4 Things Pot-Heads Say that Drive Me Nuts (A Sort of Pro Marijuana Rebuttal)

Medical marijuana

First of all, the whole medical marijuana thing drives me crazy. Fine, give marijuana to people with glaucoma if it helps them, cancer patients need a little pot, by all means they should have it; but there is a substantial difference between something being beneficial to certain people who are suffering from disease and good for one and all and their brother.

There’s this sort of smugness that I get a lot from marijuana proponents fighting for medical legalization, as if they were fighting some sort of battle for the greater good. I don’t believe it anyways, I just think they want to get stoned on legal weed…which is fine, but let’s drop this whole doing it for the AIDS patient’s thing.

It’s natural

OK what’s next, oh yeah, the whole it’s from the earth it’s natural it’s good for you line of reasoning. What’s up with that? Sure, smoking a natural herb may not be quite as harmful as sniffing gasoline, but just because things come from the earth doesn’t mean we should put them in our bodies. Opium is from a plant, but smoking a lot of opium never did anyone much good. Cyanide, that’s another one of natures goodies that never seems to make it into the whole, from the earth let’s smoke it line of reasoning. How about cobra venom…can’t get more natural than that.

Alcohol is worse

OK, number three on my list of grievances regards the whole comparison thing with alcohol.

Yes, I get it, alcohol is worse, and it’s legal too; the horror. Get over it already, alcohol isn’t good for you, it surely causes far more pain that marijuana ever will, and it’s far harder on the body as well; but once again, simply because alcohol is worse, doesn’t make marijuana good.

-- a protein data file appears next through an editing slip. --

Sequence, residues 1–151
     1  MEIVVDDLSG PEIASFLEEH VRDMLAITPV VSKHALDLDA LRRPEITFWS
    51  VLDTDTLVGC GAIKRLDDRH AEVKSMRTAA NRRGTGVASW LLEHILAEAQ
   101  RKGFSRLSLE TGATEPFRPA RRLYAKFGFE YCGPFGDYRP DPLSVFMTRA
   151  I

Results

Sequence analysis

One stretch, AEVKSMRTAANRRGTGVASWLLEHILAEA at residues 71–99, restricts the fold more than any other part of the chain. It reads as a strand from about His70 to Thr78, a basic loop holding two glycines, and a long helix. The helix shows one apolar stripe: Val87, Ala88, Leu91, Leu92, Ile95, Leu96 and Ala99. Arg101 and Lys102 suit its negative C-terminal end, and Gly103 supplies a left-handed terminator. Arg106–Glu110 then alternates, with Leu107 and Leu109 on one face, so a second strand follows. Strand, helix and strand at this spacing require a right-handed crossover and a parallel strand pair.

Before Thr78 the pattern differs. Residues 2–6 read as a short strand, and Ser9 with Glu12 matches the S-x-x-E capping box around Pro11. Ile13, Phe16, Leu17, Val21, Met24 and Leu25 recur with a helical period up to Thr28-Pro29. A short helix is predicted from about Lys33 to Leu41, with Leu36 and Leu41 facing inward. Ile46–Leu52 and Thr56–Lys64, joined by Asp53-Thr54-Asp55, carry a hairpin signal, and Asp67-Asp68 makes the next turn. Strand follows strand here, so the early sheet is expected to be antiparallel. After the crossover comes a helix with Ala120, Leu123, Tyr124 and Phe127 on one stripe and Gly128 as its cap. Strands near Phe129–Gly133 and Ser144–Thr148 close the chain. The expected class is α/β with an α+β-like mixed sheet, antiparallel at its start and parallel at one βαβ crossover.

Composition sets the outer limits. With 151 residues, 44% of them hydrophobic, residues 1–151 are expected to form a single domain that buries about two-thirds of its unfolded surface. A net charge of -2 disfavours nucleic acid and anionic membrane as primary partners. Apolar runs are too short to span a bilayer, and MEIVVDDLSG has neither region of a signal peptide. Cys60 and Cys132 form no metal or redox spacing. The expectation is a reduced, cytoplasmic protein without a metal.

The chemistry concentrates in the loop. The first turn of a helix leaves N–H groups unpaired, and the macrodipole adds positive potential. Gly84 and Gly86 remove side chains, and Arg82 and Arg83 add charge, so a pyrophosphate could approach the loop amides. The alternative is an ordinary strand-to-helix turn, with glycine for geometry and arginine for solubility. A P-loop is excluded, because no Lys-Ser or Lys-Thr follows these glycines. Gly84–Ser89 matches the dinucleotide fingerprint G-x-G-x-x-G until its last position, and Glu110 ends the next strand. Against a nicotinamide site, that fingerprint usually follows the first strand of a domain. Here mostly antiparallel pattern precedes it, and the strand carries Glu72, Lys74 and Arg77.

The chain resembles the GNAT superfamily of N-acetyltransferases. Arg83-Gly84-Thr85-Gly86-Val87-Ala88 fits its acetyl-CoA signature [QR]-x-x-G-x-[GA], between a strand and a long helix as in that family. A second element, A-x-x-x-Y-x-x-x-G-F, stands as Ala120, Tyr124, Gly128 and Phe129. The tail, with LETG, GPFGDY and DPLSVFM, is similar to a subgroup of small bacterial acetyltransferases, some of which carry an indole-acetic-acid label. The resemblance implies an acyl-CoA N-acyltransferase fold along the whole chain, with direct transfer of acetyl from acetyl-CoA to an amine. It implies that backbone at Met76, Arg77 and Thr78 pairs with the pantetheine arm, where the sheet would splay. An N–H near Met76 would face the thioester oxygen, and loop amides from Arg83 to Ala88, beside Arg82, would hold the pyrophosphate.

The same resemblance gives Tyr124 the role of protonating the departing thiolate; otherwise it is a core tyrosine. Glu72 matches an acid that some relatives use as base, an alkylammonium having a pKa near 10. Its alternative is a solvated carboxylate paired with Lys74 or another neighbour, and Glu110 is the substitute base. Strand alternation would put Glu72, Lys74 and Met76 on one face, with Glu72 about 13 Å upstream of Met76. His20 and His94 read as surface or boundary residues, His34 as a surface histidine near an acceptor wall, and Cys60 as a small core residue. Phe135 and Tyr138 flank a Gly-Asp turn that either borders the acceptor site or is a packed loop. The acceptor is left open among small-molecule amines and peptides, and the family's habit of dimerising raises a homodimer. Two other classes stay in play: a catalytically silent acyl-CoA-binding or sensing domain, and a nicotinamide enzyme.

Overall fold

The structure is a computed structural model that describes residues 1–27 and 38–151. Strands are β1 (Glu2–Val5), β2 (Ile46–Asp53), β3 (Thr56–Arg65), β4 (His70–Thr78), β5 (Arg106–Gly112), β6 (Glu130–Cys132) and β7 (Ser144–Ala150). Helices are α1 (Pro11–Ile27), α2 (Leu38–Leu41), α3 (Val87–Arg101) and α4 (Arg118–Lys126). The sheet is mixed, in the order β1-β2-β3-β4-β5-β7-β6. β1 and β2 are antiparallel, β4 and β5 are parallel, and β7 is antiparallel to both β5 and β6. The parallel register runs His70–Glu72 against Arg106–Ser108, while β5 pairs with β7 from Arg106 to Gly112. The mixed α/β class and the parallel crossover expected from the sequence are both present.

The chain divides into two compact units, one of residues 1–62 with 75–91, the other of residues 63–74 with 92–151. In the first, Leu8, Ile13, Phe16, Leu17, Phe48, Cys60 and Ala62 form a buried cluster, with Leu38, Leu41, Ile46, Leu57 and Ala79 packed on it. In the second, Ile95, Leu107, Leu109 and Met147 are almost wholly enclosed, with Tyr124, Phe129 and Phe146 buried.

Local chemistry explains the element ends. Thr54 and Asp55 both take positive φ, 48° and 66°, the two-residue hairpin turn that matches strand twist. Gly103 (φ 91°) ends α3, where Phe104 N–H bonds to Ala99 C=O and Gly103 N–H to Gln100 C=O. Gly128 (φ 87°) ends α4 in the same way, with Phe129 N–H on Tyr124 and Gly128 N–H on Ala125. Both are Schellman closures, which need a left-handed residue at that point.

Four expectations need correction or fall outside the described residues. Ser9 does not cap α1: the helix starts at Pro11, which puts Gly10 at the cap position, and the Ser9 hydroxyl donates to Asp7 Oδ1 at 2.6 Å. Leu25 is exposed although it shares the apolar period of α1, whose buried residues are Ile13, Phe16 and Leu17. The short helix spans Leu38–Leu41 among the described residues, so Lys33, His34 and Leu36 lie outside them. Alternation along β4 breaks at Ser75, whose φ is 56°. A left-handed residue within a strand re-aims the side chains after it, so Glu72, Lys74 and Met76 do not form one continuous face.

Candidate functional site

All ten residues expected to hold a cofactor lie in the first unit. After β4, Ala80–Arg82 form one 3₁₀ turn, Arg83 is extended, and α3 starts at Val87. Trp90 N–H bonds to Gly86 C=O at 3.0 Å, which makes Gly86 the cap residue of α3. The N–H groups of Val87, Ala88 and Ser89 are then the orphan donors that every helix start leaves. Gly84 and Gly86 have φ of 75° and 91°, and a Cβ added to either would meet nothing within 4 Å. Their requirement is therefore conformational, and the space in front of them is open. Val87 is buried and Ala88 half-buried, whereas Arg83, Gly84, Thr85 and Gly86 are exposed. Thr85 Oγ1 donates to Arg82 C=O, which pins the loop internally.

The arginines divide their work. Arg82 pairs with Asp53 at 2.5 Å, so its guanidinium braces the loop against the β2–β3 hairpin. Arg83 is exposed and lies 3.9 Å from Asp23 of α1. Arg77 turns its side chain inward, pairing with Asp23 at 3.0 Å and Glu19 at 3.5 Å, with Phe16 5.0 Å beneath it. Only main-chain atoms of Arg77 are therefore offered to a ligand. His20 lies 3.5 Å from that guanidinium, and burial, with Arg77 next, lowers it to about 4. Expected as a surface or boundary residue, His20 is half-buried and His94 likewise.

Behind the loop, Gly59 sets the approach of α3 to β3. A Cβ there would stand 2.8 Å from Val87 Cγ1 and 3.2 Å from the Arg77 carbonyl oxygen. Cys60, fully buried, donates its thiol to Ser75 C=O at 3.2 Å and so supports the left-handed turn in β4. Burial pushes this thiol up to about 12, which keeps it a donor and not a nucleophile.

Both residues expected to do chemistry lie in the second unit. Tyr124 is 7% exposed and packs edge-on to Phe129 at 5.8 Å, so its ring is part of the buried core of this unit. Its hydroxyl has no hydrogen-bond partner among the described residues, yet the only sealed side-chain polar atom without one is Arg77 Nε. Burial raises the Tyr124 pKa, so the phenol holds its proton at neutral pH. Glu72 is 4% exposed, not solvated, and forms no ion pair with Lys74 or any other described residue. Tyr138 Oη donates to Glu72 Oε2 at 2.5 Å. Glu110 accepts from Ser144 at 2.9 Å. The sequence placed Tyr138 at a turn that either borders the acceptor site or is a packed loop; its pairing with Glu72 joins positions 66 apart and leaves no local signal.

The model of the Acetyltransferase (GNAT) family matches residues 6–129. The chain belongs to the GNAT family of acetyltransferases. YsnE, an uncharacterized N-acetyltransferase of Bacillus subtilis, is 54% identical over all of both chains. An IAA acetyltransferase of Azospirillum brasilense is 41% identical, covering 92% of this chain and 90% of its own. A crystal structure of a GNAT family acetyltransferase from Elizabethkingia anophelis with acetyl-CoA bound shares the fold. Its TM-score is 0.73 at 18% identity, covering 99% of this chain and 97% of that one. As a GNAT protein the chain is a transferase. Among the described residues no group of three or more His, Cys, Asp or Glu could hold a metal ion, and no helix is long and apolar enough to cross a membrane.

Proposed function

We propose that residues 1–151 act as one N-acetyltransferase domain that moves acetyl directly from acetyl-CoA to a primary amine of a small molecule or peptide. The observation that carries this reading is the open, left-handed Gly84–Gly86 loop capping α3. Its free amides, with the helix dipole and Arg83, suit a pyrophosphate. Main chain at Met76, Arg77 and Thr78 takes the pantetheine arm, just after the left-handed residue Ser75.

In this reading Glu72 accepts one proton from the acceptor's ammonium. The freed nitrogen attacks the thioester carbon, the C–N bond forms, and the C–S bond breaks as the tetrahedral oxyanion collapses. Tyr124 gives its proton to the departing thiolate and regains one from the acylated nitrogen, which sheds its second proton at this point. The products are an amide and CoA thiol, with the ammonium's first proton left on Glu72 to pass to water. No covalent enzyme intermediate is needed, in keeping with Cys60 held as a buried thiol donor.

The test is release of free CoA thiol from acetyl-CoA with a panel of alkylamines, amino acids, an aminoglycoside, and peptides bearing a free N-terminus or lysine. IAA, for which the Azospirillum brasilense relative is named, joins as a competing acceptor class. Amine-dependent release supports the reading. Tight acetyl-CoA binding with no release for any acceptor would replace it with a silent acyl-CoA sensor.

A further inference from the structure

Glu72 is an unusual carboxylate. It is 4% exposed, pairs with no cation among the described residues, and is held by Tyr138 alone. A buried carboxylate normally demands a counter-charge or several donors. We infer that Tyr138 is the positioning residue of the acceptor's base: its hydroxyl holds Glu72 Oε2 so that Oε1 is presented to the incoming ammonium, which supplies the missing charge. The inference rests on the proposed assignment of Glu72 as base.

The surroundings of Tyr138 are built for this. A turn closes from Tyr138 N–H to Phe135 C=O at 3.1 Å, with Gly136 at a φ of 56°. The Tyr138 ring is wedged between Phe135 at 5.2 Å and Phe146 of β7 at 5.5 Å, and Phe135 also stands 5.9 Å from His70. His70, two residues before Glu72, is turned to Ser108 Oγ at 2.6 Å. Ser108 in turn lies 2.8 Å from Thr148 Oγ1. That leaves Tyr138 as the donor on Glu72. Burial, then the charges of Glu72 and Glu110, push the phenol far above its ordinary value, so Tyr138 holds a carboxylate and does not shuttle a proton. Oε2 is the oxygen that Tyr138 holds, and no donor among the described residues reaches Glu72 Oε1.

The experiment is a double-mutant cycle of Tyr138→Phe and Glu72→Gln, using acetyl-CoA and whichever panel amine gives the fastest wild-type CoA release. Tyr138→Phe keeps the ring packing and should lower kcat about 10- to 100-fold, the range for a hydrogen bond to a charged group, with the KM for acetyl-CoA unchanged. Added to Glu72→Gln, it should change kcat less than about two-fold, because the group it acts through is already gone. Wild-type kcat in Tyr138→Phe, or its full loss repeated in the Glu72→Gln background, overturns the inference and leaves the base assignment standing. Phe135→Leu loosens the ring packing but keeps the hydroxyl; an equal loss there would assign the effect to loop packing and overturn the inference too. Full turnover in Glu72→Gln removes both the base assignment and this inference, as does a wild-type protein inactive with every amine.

There is no law saying that you need to put any form of intoxicating substance in your body, it’s not as if we are dealing a necessary decision between two evils here. And about the whole alcohol being legal thing; governments would stop it if they could, but they can’t so they don’t. End of story.

Hemp

Yes yes, hemp is a wonderful thing, and I can’t wait until all of my shirts look as scratchy as yours. What’s the deal with marijuana smokers and hemp? They’re so infatuated with that weed they’re even going to wear it on their backs? OK I know hemp has a lot of promise for a great many things and I agree that it is pretty silly to restrict the growth of industrial hemp fibers, without any THC at all in them; but those clothes you’re wearing…I just can’t take you seriously in them

The legalization issue

So now you know where I stand on marijuana legalization…well you’re wrong; I think the money spent on enforcement of marijuana is absurd. I used to smoke marijuana, have since given it up, have friends that use heavily…whatever. It should be a personal decision, based on an awareness of the facts and issues surrounding the use of the drug, and wasting dollars far better destined to health care or education on rooting out plants and busting weed dealers makes no sense at all.

I don’t care as much about the issue since I no longer smoke and have nothing to fear from John Q Law, but even still, I’d like to see a legalization if only to prove that govt. policy makers have enough courage to do what most educated people believe needs doing, but remains such a political minefield.

And it may not help their case much, but I for one would respect the pot heads of the world far more if they’d just come out from behind their smokescreen (pun intended) of medical marijuana and scratchy shirts and all that, and just said "I like to get high, I’m not hurting anyone, get out of my darned business"

 

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Medical marijuana

First of all, the whole medical marijuana thing drives me crazy. Fine, give marijuana to people with glaucoma if it helps them, cancer patients need a little pot, by all means they should have it; but there is a substantial difference between something being beneficial to certain people who are suffering from disease and good for one and all and their brother.

There’s this sort of smugness that I get a lot from marijuana proponents fighting for medical legalization, as if they were fighting some sort of battle for the greater good. I don’t believe it anyways, I just think they want to get stoned on legal weed…which is fine, but let’s drop this whole doing it for the AIDS patient’s thing.

It’s natural